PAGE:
Wacom is probably the best-known manufacturer of graphics tablets, and its range extends from A6 up to A3 and larger. The Bamboo Fun tablet is an entry-level device, available in A6 and A5 sizes and aimed at the home and student markets. The A6 version, reviewed here, is about an inch wider than a typical A6 tablet.
The white tablet has a clean and flush surface, designed to feel like paper when used with the supplied, battery-free pen. The pen has a thin stylus at one end and a domed top, which acts as an eraser, at the other. There’s a two-way toggle switch set into its barrel and this, when used with a thumb, simulates left and right mouse buttons.
At the rear of the tablet surface are four function buttons that can be used with a pen or a finger, and a large disk, circled by blue LEDs, which is used for scrolling and zooming, depending on the application you’re running. The Touch Ring, as Wacom calls it, has to be used with a finger rather than the pen, which makes it more fiddly than the scroll wheel on a mouse.
Setting up the Bamboo Fun is pretty straightforward. It’s a USB Device and the supplied cable connects into any available USB socket. Software comprises a settings utility and two decent graphics applications, worth the asking price of the Wacom package on their own.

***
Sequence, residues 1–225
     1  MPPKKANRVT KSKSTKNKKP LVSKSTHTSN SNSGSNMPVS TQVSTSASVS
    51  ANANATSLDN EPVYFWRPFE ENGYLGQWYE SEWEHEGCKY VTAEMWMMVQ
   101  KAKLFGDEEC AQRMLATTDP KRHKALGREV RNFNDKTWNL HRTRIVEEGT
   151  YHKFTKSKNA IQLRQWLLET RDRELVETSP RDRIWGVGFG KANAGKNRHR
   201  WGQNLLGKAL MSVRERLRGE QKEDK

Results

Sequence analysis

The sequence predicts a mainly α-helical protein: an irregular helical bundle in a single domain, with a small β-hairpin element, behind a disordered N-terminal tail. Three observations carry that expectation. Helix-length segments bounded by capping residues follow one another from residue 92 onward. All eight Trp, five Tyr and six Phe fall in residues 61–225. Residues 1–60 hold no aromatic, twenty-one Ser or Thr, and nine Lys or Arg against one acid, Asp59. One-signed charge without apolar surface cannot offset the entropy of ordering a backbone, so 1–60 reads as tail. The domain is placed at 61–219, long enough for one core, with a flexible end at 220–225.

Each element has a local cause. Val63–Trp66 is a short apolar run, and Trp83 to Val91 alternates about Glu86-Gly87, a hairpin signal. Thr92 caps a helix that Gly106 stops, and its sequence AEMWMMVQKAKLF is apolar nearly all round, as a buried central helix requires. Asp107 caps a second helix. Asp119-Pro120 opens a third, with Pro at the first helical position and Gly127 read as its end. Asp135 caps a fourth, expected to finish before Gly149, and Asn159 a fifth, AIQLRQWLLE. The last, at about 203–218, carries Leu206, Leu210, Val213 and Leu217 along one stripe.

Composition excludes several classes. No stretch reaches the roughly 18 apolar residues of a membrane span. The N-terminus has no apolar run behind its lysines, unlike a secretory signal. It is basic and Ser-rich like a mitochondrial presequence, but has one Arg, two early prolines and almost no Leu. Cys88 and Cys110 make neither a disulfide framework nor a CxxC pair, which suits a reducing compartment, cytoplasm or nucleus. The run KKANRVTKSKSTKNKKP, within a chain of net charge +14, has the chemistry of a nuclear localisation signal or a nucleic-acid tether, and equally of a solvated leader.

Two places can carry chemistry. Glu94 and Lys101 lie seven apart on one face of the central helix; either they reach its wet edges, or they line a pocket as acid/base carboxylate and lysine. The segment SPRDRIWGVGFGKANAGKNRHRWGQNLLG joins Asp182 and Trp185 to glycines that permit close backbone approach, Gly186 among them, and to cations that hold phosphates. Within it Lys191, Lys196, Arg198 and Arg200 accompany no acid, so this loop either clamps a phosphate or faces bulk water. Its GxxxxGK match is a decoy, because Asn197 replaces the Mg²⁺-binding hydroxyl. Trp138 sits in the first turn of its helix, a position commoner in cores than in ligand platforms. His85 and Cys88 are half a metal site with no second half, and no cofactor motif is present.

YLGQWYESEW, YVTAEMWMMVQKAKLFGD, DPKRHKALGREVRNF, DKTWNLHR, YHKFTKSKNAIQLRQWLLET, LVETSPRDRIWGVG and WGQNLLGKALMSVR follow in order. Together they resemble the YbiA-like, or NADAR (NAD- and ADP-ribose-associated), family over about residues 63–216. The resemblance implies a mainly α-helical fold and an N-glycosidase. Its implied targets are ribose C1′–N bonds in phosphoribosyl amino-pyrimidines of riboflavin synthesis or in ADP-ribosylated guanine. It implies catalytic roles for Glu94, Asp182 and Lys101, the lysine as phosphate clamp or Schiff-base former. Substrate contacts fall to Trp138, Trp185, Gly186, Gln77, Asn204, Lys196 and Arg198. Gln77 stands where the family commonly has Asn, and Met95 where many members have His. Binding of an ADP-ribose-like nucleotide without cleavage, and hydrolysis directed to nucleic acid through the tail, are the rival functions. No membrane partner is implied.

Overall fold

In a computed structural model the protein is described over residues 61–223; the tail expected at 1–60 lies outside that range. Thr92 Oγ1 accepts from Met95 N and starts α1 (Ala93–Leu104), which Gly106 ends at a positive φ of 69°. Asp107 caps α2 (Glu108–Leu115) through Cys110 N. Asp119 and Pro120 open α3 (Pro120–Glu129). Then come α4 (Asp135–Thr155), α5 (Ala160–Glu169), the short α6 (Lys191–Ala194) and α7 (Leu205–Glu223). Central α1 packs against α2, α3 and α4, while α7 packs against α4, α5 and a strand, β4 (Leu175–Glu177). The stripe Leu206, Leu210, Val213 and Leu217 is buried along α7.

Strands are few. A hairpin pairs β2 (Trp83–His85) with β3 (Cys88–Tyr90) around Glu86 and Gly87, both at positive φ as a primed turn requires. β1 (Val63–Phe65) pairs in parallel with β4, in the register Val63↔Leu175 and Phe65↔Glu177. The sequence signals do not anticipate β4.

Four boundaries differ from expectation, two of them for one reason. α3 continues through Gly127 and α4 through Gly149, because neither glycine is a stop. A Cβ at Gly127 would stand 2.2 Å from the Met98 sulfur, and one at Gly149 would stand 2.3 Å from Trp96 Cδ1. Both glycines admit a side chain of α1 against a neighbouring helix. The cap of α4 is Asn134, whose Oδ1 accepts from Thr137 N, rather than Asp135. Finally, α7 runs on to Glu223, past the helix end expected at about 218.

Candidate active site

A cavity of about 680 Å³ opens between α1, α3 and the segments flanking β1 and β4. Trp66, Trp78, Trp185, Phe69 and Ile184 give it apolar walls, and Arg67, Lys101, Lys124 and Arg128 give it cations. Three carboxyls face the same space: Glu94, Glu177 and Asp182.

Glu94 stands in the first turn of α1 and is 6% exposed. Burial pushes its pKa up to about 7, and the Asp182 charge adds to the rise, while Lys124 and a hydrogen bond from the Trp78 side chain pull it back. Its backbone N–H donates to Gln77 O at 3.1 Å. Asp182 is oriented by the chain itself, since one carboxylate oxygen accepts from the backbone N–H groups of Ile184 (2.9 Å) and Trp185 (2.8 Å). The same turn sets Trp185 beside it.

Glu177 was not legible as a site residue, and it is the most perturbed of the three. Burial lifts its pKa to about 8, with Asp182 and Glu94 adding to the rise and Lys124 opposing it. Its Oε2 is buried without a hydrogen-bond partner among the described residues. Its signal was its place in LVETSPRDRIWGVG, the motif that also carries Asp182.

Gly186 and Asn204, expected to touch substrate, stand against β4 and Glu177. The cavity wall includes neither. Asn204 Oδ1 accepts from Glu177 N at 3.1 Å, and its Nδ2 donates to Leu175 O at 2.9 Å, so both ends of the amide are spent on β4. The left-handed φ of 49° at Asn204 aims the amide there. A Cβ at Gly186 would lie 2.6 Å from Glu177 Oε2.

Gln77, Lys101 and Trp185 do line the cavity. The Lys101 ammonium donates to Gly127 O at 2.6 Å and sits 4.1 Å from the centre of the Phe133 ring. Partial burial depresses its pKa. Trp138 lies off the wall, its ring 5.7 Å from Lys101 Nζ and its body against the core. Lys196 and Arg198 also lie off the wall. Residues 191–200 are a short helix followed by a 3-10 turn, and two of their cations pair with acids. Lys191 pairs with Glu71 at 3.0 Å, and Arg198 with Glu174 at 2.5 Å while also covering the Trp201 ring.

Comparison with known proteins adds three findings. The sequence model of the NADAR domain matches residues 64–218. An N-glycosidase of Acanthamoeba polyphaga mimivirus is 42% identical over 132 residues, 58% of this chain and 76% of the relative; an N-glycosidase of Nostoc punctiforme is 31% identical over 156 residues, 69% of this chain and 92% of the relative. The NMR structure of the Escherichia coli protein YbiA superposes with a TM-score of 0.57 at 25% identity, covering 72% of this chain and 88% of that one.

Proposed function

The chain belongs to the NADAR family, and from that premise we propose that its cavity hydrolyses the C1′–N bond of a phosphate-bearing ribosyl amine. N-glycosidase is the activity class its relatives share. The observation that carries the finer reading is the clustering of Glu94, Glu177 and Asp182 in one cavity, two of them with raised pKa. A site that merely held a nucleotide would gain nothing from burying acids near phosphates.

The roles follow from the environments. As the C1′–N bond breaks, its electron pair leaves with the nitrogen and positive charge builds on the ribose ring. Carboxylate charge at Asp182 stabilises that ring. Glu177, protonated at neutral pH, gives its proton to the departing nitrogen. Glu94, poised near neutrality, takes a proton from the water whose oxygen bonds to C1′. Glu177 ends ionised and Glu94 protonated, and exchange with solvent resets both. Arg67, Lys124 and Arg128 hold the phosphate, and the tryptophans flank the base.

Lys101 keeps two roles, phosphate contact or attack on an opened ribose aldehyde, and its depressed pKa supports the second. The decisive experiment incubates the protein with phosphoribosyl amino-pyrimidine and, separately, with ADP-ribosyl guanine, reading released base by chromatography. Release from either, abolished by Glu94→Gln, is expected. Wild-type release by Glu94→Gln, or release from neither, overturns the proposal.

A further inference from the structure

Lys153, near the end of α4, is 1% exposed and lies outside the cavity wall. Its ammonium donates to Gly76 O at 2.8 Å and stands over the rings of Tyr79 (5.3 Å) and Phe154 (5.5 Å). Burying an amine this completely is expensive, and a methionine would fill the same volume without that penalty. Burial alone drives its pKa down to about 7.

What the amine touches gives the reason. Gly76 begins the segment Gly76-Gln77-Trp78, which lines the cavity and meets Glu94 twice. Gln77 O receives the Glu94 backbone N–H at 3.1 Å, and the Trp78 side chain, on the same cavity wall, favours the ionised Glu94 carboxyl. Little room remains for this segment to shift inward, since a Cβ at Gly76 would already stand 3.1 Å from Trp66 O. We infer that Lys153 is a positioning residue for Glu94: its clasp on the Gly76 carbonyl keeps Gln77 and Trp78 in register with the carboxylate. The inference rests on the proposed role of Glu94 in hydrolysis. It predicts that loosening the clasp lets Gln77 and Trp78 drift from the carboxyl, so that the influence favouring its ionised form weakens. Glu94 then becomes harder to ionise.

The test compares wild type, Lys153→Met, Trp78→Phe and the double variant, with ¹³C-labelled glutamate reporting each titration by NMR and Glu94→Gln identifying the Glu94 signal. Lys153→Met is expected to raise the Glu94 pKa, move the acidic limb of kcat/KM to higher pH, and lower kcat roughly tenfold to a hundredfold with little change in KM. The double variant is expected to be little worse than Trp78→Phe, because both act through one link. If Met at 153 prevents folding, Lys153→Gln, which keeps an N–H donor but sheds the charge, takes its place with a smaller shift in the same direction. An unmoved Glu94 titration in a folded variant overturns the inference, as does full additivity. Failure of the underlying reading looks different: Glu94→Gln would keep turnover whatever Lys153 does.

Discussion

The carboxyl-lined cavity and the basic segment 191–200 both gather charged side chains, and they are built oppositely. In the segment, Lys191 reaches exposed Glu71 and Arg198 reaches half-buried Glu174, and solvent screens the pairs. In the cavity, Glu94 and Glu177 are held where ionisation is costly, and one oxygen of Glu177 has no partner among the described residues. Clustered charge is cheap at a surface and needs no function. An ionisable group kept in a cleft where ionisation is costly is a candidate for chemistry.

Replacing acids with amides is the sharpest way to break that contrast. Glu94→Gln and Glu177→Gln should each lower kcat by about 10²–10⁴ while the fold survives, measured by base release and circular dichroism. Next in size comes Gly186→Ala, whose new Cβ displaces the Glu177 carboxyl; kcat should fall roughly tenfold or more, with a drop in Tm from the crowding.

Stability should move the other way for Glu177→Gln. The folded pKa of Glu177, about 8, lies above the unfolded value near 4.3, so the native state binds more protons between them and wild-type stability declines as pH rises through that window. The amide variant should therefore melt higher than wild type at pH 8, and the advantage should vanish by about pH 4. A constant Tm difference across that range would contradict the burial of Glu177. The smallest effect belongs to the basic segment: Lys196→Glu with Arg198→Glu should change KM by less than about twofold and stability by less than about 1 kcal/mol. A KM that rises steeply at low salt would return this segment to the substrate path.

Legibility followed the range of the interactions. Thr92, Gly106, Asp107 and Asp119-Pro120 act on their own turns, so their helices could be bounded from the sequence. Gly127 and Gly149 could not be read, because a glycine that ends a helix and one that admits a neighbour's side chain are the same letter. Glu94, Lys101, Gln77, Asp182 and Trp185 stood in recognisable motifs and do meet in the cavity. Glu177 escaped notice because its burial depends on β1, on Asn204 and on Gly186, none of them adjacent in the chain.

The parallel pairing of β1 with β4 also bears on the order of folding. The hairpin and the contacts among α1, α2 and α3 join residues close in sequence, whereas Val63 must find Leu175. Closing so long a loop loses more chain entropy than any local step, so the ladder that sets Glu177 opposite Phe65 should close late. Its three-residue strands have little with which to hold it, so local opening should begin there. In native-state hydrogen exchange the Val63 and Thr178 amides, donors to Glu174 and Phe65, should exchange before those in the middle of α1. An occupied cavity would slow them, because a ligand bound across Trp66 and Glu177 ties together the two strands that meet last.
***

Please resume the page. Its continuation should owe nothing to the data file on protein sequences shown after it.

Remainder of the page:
Art Rage 2, the natural media painting application from Ambient Design, does many of the things Corel Painter does, but with a modern, intuitive interface that is easy to get along with. Media such as tubes of oil paint and glitter add to the more conventional painting tools, so you can produce a wide range of effects. A copy of Adobe Photoshop Elements 5 is also bundled.
In this latest release there are two new Bamboo-specific applets, too. Bamboo Scribe is handwriting recognition software which, after a convoluted installation, provides a small window where you can write a line at a time. This feeds through Word, Excel or any other active application. From our trials it appears to work well, though you would need to be a slow typist for it to be a faster entry method.
Bamboo Link is a tablet-operated search utility with a clever interface. Enter a search subject – you can use Bamboo Scribe to handwrite it – and a solar system of possibilities pops onto the screen. Click on any of these and you get a scrollable bookcase of Web-site thumbnails. It’s like a cross between Minority Report and an iPhone and it shows the tablet off to good effect.
The only real snag with the Bamboo Fun is generic to any small graphics tablet. With a large screen mapped onto a small tablet, you have to be able to control the pen very precisely. Doing this for the time it takes to produce complex artwork can be hard on the hand and wrist.
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